What you need to know:
- In polycystic ovary syndrome, the ovary has many cysts containing immature eggs.
- Because ovulation rarely happens, it is difficult to conceive, but not impossible.
- If conception does not happen, there are other options such as IVF.
I have had Polycystic Ovary Syndrome for many years, which was diagnosed after many tests. I am getting married this year and I am worried that I might never have children. I don’t know how to tell my fiancé. Please help.
In polycystic ovary syndrome, the ovary has many cysts containing immature eggs that do not reach the stage of ovulation. Hormone levels are altered, which disrupts the menstrual cycle. Extra androgen hormones (testosterone) are also produced. The symptoms include irregular periods, heavy bleeding, acne, excessive hair growth, weight gain, hair loss on the scalp and dark patches on some areas of the skin.
It can be managed by maintaining a low glycemic index diet (get most of the carbohydrates from fruits, vegetables and whole grains), exercise, contraceptive pills and metformin.
Because ovulation rarely happens, it is difficult to conceive, but not impossible. With the help of a gynaecologist, you can get medication to induce ovulation for several cycles to see if conception will happen. If it does not, the other options include intrauterine insemination (IUI) and in vitro fertilisation (IVF). It is advisable to communicate this with your partner before you get married so that he makes an informed decision and avoid conflict later. A partner’s support is also very helpful. At the same time, your partner may also need to be tested at some point depending on the outcome of the fertility treatment.
What is osteoporosis? What of bone fractures due to calcium deficiency?
Calcium helps to build strong bones. In addition, bones are living tissue, constantly breaking down and being replaced, and calcium helps with this maintenance. When calcium levels are low, the bones have low density and are weaker. Therefore, they break or fracture easily. Osteoporosis refers to having very weak bones because the rate of breaking down is faster than replacement.
The rate of replacing a new bone starts slowing down in our 20s and we start losing bone mass at age 30. Those with a higher bone mass in their youth lose it slower than those who do not. When the bones are very weak, it is easy to fracture them even from mild stresses. You can also develop back pain and other bone pain, become shorter and bend while walking. There is a higher risk of osteoporosis in post-menopausal women, if you have a family history of osteoporosis, have a small body size, due to some hormonal disorders, liver or kidney disease, lupus, rheumatoid arthritis, inflammatory bowel disease, low calcium intake, long term use of medication for seizures, gastro-esophageal reflux, cancer treatment and long term use of steroids. You are also at higher risk if you lead a sedentary lifestyle, if you take excessive alcohol, and due to tobacco use.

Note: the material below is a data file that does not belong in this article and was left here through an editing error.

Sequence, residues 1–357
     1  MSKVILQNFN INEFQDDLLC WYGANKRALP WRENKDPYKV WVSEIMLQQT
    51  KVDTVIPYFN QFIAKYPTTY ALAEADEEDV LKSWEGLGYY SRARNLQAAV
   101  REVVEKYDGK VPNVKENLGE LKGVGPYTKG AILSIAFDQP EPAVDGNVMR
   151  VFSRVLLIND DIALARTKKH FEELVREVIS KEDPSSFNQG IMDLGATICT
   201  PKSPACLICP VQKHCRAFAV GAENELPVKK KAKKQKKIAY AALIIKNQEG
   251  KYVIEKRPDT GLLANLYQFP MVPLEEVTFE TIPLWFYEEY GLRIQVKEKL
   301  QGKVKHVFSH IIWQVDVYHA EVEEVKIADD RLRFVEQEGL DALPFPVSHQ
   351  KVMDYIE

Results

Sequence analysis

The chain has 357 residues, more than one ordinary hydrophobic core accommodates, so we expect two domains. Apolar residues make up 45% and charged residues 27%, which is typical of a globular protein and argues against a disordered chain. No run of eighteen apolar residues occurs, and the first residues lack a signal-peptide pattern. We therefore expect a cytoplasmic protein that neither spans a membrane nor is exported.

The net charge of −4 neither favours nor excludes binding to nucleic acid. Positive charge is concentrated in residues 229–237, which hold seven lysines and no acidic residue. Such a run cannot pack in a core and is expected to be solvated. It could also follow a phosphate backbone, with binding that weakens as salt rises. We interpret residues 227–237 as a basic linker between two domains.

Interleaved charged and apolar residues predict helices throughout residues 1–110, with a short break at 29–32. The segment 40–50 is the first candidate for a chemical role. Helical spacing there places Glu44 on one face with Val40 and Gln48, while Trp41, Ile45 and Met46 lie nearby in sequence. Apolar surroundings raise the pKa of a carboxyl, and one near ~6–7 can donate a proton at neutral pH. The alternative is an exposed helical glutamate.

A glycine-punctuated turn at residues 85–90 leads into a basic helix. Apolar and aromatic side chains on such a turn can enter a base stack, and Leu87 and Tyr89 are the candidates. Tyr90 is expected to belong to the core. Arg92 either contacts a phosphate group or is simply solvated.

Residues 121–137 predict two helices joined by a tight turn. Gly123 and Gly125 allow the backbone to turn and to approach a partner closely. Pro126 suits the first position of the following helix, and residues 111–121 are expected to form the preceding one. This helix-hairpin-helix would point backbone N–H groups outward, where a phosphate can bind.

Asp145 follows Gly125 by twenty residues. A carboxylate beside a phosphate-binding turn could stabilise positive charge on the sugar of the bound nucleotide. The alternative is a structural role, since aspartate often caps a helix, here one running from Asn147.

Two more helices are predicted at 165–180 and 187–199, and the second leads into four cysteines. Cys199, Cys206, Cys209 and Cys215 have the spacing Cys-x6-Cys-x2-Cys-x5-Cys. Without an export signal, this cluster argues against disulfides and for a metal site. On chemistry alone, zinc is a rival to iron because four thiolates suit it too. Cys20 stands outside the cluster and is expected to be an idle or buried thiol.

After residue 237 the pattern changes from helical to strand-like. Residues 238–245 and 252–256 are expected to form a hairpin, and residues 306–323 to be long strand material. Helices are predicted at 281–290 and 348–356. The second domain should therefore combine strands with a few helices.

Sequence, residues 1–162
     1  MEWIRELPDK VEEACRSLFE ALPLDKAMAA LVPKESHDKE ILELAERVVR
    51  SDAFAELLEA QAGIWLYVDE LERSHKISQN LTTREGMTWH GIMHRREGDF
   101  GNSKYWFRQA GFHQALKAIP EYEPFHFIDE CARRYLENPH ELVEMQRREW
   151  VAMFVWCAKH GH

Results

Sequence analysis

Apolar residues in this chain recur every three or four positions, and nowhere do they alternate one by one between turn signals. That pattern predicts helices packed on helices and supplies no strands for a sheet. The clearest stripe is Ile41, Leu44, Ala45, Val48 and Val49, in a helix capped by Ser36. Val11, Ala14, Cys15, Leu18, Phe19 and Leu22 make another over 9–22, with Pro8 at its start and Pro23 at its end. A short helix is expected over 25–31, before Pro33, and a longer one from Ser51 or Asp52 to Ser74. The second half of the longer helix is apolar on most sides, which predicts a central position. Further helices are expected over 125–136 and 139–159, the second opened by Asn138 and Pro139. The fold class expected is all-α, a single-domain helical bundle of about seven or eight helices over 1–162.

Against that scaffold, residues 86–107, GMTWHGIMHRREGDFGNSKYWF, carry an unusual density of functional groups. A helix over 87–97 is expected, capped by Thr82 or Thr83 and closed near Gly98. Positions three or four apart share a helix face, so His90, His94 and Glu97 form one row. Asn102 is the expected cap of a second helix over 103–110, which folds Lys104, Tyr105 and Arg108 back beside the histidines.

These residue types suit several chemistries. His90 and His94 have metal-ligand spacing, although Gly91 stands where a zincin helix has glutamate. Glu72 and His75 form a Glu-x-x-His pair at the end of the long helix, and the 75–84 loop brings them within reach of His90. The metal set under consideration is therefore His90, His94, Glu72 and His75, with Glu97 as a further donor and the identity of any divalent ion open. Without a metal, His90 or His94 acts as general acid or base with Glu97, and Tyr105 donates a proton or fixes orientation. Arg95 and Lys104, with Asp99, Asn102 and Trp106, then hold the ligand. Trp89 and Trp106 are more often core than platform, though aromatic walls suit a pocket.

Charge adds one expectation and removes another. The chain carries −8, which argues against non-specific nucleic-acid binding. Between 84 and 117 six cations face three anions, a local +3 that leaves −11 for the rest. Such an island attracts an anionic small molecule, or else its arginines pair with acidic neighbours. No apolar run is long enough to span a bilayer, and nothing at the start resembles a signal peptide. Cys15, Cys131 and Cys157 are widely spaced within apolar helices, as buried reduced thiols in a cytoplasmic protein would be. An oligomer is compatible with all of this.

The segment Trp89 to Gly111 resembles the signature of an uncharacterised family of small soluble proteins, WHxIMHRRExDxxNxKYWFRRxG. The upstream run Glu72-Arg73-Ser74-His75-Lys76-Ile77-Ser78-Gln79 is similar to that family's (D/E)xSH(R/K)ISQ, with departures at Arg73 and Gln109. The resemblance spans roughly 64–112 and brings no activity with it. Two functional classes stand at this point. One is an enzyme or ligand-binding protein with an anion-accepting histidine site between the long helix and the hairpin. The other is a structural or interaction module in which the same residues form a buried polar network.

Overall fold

To diagnose osteoporosis, an X-ray or a bone density scan is done. Some medication strengthen the weak bones and prevent further weakening. To prevent osteoporosis or strengthen weak bones, consume adequate calcium and vitamin D, exercise (balance, weight bearing and strength training exercises), maintain a healthy weight (both being underweight and overweight are not advisable), stop smoking and take alcohol in moderation.
I have had a swelling near my right thigh for the past three years. Sometimes it disappears on its own. Other times, it disappears when I push it in. Once in a while it is painful. I have been told it is a hernia and I need to be operated on. Is there any other way to treat it, like some medicine that I can take?
A hernia occurs when underlying organs push through a weakness in the muscle or tissue that holds it in, for example, when intestines protrude through a weakness in the abdominal wall. The commonly appear in the abdomen, at the umbilicus, at the inguinal region (upper thigh), the groin or at the site of a previous abdominal surgery. Complications can arise when a part of the intestine gets trapped, causing severe pain, nausea and vomiting, and constipation. If the trapped intestine does not get blood supply, then the tissue can die which leads to perforation, serious infection and possible death.
Because it happens due to a weakness or an opening in the overlying tissue, the only way to manage it permanently is through surgery, to close up the weak or open area.
I sometimes notice blood in my stool. I do not feel any pain whenever this happens. What could be the problem?
Having blood after passing stool is a sign that something is actively bleeding at the time. This could be due to a tear in the lining of the anus or rectum, because of friction from passing large stool, hard stool or from diarrhoea. The bleeding could also be due to haemorrhoids, otherwise known as piles. These are veins that bulge in the lower part of the rectum and anus. The walls of the veins stretch and get irritated, and are easily torn, causing bleeding. They can occur due to straining when passing stool, for instance due to constipation or diarrhoea; or any activity that causes repeated high pressure in the abdominal region such as a persistent cough and lifting weights.
To manage the problem, prevent constipation by taking a lot of fluids and a high-fibre diet every day, exercise, schedule time each day for a bowel movement, and take your time; use baby wipes instead of toilet paper and, you can also take a sitz bath - sit in warm water for about 20 minutes twice a day to help soothe the injured tissue. A doctor can prescribe stool softeners and suppositories to help heal the injured tissue.
Since the bleeding has persisted for a while, you should see a surgeon, so that an examination can be done to visualise the lining of your anus, rectum and large intestines.
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